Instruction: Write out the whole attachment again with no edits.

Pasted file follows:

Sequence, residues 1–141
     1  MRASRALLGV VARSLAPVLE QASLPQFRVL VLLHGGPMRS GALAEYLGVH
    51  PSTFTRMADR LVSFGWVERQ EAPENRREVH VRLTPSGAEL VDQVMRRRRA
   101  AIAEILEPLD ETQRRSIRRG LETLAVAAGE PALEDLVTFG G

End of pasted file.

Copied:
Sequence, residues 1–141
     1  MRASRALLGV VARSLAPVLE QASLPQFRVL VLLHGGPMRS GALAEYLGVH
    51  PSTFTRMADR LVSFGWVERQ EAPENRREVH VRLTPSGAEL VDQVMRRRRA
   101  AIAEILEPLD ETQRRSIRRG LETLAVAAGE PALEDLVTFG G